A bill introduced in the House of Representatives in late June provides a mechanism for resolving the longstanding contract dispute between the FAA and the air traffic controllers union. It also provides airline passengers with rights to “fair treatment” when facing significant delays due to weather or other extraordinary circumstances.
Port Columbus International Airport
A new runway and taxiway surveillance system, the Airport Movements Area Safety System (Amass), has gained the confidence of some air traffic controllers despite criticism of its performance by the NTSB. The National Air Traffic Controllers Association (Natca) recounted two incidents at Boston Logan International Airport in which Amass is credited for alerting ATC in time to prevent runway collisions.
Cessna 550 Citation II, Butler, Pa., Jan. 24, 2007–The NTSB attributed the runway overrun of the air ambulance Air Trek Citation II to the copilot’s failure to maintain proper airspeed and failure to land at the proper touchdown point, and the pilot-in-command’s inadequate supervision. Factors were the PIC’s failure to activate the speed brake upon touchdown and the snow-contaminated runway.
Groundbreaking ceremonies were held last month for a new control tower for Ohio’s Port Columbus International Airport, home of Executive Jet’s operational headquarters and customer service center. The FAA said the tower is the first of its type in the nation. Unique features include a 16-sided cab that provides a viewing area interrupted by only three structural columns, allowing a 120-deg span of clear vision between the columns.
NetJets will remain in Columbus, Ohio, despite fierce competition from cities such as Raleigh, N.C.; Orlando, Fla.; and Fort Worth, Texas. CEO Richard Santulli said the fractional provider will create a $200 million campus that will include a new FlightSafety training facility and will more than double the size of NetJets’ current facility. Santulli expects at least another 800 jobs will be created.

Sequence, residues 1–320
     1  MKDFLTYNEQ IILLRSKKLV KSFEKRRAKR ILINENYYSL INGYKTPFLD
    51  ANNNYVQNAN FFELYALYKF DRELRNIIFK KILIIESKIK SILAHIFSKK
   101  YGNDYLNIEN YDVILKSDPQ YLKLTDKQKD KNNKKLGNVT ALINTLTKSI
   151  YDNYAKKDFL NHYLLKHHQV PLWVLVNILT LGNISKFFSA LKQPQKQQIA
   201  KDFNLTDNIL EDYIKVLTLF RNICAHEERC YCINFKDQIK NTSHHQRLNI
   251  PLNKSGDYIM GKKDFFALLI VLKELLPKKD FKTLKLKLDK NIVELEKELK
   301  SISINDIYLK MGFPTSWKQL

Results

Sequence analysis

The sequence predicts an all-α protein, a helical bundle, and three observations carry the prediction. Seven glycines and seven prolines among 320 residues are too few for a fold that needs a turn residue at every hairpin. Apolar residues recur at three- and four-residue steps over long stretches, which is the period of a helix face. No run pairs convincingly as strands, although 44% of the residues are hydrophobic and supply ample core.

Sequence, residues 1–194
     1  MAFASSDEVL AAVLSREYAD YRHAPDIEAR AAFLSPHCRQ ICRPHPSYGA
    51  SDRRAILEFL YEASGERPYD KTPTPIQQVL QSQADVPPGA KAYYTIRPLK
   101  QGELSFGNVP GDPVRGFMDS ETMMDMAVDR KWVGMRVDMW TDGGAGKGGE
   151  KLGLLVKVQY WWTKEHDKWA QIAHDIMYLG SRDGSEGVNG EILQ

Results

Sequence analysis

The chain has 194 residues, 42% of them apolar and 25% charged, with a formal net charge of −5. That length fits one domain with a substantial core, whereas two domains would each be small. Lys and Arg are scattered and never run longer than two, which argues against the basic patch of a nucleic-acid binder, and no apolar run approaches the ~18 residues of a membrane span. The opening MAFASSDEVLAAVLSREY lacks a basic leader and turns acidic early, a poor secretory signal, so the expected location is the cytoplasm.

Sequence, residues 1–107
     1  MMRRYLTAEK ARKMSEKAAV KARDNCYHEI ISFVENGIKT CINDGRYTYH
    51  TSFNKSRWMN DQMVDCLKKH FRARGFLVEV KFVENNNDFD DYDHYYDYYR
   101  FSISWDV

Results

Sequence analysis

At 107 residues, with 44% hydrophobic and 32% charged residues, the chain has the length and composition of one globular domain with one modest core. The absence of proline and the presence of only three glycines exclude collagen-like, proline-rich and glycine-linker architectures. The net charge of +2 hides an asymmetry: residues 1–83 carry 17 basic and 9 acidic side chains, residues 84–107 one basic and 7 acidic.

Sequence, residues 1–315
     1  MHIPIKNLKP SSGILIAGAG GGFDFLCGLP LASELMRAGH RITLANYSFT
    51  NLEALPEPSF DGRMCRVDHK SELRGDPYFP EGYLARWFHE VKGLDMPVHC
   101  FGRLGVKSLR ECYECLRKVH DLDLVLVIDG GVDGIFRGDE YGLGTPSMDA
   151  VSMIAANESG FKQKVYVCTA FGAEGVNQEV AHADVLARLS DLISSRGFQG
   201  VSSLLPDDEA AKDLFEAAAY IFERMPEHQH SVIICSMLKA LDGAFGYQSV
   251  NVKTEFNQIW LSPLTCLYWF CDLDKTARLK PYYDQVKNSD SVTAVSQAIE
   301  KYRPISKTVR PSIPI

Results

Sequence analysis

CESSNA CITATION 550, OKLAHOMA CITY, OKLA., MAY 20, 2002–Substantial damage but little injury resulted from an aborted takeoff at the Wiley Post Airport in Bethany, Okla. The ATP and four passengers were uninjured, but one other passenger sustained minor injuries in the early-morning departure bound for Greeley, Colo.
When a Fortune 500 company’s fortunes crash and burn, corporate jets usually go up for sale and pilots end up looking for work. Such is the case with Tyco International, which has had its share of negative headlines over the past month.
In a move seen by many observers as a first step in privatizing the nation’s ATC services, President Bush amended an executive order issued by President Clinton in December 2000 that made ATC an “inherently governmental function.”
The 2003 Budget in Brief is, as the title implies, brief, but its complexity still leads the aviation alphabet groups to cherrypick for comment, while news media reveal their opinions through select editing. Few readers study the original text, yielding conclusions that range from focused to false.
Speaking yesterday at the fractional provider’s Port Columbus (Ohio) Airport operations center, NetJets CEO Richard Santulli ended months of speculation by announcing that the company will be staying put in the Buckeye State. Despite fierce competition from cities such as Raleigh, N.C.; Orlando, Fla.; and Fort Worth, Texas, in the end NetJets decided to expand its existing facility in Columbus rather than relocate.